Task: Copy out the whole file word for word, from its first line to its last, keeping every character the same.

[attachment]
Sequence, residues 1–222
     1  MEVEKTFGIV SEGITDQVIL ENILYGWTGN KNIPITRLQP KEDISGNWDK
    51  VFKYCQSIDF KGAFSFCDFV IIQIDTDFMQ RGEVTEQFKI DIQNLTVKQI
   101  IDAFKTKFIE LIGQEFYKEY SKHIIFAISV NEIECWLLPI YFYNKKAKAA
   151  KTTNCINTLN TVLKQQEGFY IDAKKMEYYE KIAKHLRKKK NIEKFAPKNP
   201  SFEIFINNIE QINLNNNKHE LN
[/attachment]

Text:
Sequence, residues 1–222
     1  MEVEKTFGIV SEGITDQVIL ENILYGWTGN KNIPITRLQP KEDISGNWDK
    51  VFKYCQSIDF KGAFSFCDFV IIQIDTDFMQ RGEVTEQFKI DIQNLTVKQI
   101  IDAFKTKFIE LIGQEFYKEY SKHIIFAISV NEIECWLLPI YFYNKKAKAA
   151  KTTNCINTLN TVLKQQEGFY IDAKKMEYYE KIAKHLRKKK NIEKFAPKNP
   201  SFEIFINNIE QINLNNNKHE LN